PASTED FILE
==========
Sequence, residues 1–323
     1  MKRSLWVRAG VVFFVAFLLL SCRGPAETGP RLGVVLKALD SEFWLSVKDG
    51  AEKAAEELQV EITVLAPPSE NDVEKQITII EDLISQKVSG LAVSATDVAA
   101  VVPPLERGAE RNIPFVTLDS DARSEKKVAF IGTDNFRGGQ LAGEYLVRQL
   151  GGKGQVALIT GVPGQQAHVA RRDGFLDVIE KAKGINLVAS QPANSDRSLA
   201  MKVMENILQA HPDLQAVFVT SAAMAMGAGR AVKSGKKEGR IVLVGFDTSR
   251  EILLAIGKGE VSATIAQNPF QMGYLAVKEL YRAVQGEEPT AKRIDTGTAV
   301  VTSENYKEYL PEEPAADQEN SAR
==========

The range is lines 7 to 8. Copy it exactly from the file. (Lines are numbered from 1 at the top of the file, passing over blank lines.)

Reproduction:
   251  EILLAIGKGE VSATIAQNPF QMGYLAVKEL YRAVQGEEPT AKRIDTGTAV
   301  VTSENYKEYL PEEPAADQEN SAR